Heptacodium miconioides, Seven-son Flower


Exfoliating Bark

There are not many times I have a “hear the angels sing moment” during an onsite evaluation at a homeowner’s property, but it happened to me just last week.

There it was, around the corner, by a moss-covered gazebo, a beautiful Heptacodium miconioides.

Later, upon my return to their property, I took a closer look and photos.  I confirmed…, “Yes, it is a Heptacodium — and lucky me, it is in full bloom right now.”

This plant, native to China and a deciduous shrub, can grow or be trained into the size of a small tree.  It can reach 15-20 feet tall with a spread of 8 to 10 feet.  The specimen I was adoring at that moment is the size of a glorious mature tree.  It has been here for a while, I thought.

Heptacodium’s common name, Seven-son Flower, comes from the feature of seven flowers being born in clusters.  Tiny and white, they are positioned at tips of wirey pedicels. If you look closely at this photo, you can see seven closed flower buds on one, while others are open. Delicate and fragrant, the flowers are simply elegant due to how they are positioned and carried above nice, new looking foliage.

Seven-son Flower

Heptacodium’s foliage expands early in spring, is soft to dark green, shaped ovate and long, reaching a slight pointy tip.  The veins in the center run down while the side veins run out causing a cupped effect on some.  Handsome, fresh and clean, the foliage makes a perfect partner to the elegant, white, late season blooming flowers.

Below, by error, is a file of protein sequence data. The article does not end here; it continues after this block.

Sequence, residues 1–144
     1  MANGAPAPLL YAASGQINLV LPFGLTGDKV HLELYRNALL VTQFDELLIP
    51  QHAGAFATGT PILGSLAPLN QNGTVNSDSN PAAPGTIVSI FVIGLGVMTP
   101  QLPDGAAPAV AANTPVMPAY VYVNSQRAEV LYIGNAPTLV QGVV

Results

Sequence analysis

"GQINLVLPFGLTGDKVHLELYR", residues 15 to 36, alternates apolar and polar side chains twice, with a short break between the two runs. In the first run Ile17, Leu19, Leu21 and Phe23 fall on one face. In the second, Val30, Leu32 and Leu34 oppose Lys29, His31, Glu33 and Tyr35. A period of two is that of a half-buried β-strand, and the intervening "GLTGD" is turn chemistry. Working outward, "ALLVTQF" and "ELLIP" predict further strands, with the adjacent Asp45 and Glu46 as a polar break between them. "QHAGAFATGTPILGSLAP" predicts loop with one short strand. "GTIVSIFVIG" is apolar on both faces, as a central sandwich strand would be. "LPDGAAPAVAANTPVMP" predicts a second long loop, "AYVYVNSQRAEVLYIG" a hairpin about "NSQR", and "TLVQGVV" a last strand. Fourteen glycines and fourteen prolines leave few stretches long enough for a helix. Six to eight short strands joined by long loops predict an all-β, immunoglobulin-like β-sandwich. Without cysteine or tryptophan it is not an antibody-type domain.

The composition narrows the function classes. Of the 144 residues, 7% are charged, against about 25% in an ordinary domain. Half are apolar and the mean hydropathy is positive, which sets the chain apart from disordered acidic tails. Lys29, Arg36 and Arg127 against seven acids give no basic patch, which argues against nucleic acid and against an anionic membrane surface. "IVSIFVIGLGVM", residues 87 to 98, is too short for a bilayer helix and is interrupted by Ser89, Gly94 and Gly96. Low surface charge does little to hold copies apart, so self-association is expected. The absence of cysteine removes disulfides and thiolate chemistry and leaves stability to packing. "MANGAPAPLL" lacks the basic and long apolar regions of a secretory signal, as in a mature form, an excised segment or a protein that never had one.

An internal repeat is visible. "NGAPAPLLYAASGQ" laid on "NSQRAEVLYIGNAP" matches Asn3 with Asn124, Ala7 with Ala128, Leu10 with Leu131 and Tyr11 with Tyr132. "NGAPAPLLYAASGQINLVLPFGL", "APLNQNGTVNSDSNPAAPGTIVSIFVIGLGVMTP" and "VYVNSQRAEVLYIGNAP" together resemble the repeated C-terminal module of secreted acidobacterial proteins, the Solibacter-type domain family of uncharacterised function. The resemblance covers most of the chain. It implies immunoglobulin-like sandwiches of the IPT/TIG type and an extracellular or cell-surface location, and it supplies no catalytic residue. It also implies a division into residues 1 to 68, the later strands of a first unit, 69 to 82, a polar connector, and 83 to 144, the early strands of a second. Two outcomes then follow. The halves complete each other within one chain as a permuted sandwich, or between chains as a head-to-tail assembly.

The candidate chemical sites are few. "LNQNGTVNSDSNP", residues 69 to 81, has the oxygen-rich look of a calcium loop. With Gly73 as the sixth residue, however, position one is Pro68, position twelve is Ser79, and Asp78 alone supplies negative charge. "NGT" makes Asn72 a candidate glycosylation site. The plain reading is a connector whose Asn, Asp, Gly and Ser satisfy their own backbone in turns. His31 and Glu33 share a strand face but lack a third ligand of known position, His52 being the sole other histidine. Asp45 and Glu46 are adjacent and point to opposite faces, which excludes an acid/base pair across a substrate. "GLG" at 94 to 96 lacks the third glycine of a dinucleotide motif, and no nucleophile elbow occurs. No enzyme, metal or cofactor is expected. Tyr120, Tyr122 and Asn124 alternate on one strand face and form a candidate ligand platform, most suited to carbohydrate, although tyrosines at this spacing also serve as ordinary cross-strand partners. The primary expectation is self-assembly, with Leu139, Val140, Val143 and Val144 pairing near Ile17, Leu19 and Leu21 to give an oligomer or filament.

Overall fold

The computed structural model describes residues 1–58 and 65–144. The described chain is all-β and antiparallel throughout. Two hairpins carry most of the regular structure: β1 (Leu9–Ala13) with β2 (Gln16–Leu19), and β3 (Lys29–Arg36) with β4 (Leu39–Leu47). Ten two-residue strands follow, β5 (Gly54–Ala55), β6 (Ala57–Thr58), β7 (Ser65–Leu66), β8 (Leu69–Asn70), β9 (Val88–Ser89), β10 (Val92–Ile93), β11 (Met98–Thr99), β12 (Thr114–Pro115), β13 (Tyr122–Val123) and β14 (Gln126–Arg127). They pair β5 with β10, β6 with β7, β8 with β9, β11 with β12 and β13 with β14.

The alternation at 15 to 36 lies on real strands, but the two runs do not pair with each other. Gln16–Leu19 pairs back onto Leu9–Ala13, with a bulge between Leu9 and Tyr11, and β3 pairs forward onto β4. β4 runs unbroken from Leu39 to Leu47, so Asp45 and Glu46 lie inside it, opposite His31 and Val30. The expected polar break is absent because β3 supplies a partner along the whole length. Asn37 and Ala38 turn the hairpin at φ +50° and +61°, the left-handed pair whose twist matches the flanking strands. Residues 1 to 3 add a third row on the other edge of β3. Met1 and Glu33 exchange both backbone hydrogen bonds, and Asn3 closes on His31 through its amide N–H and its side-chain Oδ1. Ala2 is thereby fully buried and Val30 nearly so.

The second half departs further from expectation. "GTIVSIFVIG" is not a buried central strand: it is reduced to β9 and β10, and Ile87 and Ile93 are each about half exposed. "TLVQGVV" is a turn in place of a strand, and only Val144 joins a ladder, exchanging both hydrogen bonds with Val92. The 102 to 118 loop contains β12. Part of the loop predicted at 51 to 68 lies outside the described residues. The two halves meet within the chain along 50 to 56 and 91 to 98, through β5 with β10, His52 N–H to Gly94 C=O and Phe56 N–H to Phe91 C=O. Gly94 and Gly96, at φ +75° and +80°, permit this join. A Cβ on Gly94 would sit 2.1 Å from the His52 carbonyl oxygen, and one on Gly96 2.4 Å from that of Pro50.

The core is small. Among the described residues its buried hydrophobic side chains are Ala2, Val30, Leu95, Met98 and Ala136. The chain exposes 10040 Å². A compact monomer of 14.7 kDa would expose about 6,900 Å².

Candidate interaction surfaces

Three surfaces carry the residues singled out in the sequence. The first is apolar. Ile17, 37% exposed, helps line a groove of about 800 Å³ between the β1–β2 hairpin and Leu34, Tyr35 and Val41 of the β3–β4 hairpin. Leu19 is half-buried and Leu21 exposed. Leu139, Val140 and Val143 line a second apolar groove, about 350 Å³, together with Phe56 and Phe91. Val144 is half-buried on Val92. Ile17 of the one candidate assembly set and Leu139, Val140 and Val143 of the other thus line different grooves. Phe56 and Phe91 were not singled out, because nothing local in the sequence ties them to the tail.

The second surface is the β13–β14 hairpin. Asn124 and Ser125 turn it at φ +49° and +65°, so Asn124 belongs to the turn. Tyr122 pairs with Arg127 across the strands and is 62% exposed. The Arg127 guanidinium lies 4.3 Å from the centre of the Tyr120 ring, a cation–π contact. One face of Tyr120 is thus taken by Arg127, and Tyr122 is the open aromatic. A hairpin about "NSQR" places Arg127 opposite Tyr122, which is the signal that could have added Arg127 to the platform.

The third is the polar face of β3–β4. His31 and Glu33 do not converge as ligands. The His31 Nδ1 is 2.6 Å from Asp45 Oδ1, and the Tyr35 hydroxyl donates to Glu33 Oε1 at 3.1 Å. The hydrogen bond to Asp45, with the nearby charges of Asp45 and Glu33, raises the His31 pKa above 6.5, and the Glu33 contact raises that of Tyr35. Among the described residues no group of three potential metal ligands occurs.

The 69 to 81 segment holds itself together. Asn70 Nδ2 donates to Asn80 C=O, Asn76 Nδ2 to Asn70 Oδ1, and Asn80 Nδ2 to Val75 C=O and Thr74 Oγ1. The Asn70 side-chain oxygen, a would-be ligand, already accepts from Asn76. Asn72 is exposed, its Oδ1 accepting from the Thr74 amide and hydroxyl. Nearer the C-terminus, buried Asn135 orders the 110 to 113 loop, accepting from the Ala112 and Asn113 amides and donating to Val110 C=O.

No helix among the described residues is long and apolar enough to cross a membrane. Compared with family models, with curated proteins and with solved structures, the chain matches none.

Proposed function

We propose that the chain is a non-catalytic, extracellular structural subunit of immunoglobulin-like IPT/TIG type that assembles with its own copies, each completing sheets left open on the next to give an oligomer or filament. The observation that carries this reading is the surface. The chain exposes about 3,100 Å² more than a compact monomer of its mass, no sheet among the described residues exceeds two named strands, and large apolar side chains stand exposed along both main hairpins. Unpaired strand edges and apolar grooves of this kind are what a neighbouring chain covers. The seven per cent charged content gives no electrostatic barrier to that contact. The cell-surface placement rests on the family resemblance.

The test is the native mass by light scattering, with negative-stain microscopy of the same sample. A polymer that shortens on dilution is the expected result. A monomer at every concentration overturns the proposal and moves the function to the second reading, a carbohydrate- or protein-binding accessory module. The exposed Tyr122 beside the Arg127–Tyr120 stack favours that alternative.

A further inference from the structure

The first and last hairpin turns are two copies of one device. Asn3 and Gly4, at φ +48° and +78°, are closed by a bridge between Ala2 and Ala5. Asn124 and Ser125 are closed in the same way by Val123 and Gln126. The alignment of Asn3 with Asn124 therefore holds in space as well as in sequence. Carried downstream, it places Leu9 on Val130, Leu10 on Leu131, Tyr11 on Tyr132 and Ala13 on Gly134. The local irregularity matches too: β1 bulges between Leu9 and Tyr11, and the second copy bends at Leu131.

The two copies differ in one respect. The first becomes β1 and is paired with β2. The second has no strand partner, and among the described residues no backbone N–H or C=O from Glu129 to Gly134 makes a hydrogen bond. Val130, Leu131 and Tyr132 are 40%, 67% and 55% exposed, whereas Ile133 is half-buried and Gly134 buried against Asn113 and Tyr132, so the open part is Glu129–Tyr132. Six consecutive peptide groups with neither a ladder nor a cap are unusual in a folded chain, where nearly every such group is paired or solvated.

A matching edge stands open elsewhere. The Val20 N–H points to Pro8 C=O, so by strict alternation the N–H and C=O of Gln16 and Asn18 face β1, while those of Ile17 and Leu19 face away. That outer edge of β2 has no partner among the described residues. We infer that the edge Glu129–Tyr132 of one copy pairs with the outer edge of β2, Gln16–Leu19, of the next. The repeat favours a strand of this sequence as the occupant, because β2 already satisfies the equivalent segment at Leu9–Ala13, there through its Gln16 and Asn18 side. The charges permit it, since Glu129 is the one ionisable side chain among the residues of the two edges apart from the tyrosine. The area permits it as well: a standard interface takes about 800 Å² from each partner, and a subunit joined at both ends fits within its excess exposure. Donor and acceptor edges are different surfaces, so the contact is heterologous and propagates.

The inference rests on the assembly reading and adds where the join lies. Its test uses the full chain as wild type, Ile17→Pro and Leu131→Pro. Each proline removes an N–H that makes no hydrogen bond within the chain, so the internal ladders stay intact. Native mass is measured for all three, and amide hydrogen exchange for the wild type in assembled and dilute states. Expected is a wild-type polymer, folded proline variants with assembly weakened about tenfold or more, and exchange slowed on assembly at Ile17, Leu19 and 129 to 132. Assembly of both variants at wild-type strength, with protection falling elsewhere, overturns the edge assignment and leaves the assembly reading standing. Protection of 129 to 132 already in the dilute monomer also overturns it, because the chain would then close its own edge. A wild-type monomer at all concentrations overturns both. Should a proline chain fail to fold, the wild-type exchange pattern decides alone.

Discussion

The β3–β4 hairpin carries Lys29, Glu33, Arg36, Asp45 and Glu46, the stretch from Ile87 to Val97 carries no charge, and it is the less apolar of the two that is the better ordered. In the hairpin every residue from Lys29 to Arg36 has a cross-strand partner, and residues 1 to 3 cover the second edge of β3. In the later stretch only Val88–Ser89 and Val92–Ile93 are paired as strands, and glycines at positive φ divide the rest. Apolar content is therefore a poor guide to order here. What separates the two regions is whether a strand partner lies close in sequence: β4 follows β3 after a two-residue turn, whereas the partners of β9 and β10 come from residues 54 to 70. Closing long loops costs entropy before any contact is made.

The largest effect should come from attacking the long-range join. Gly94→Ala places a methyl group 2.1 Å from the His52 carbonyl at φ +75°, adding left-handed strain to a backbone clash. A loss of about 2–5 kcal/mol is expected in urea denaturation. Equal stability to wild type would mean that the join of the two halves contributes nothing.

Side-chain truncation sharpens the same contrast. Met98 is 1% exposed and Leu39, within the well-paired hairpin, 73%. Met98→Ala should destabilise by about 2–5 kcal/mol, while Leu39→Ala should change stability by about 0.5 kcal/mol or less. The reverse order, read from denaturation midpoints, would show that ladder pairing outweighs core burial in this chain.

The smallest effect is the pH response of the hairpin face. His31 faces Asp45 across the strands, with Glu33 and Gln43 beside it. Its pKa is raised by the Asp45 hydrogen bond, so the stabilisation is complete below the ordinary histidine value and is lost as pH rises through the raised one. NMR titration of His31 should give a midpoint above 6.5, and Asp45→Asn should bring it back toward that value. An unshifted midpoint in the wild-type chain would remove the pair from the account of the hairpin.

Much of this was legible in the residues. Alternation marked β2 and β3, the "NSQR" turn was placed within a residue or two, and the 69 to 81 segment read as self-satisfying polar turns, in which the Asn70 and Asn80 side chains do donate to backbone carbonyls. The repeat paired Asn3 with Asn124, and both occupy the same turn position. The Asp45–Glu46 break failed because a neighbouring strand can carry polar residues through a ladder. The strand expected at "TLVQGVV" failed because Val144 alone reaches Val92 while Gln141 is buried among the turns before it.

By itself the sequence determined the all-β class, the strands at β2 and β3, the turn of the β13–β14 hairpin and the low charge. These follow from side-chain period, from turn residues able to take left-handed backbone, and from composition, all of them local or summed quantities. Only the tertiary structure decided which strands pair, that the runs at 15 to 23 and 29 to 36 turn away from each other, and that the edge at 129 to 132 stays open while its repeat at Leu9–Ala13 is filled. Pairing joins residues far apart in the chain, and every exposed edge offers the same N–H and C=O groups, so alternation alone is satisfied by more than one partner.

Then comes the bark supporting it all above.  It exfoliates.  The peeling of the bark on this is layered in strips on multi-branched stems, showing a lighter toned inner bark.  The strips remind me of something, but I can’t place what – almost like a raffia or ribbon.  You almost want to take a piece and peel it away, but of course, I certainly would not.  At least not at a client’s site!

This plant is hardy to Zones 5 to 8, and I have seen it at a local nursery near their pond gardens, a perfect location for it appreciates moist to well-drained soils.  In fact, it was when I was very new to the job, and a customer visiting the store asked me what it was.  I remember, I rushed everywhere trying to find out – and ran up to the landscape manager who finally id’ed it for me.  He later told me the customer was extremely impressed that I made every effort to find out what it was.  At the time, I had never seen it before.

My excitement for this shrub is just as intense now as it was over five years ago when I saw it that first time.  And I know it will continue to intrique me, for in the fall, more features will appear – the sepals turn reddish.  This tree, rare and often difficult to find in nurseries, also attracts butterflies.

Handsome Leaves

It enjoys sunny locations, but will tolerate some shade – as this one did.  It “was” located in a shady location with some dappled sun, but this season, it has been receiving the sunlight it has yearned for, due to the removal of several broken trees from last year’s October snowstorm.  In some ways, the storm last year provided improvements to gardens – and it certainly did for this Heptacodium!

Some more information:

Family:  Caprifoliaceae

Habit:  Upright, loose, …as Dirr says, “Almost artistic”

Texture:  To me, coarse on bark, bold on leaves, soft on flowers

Value:  Rare, Elegant, and Classic (Coincidentally, this my client’s preferred style too)

Season of Interest:  You know if you read this blog, spring to winter!  All year-round.

Thank you for visiting, Cathy T.

3 thoughts on “Heptacodium miconioides, Seven-son Flower

    • I only know of the Latin name noted, not sure about Chinese. If you are trying to locate the exact tree, it is best to use the Latin name for it will match you up to the right plant. Common names are sometimes mis-matched and can direct you to the wrong plant. Wish I could give you more direction on the Chinese naming question. Cathy T

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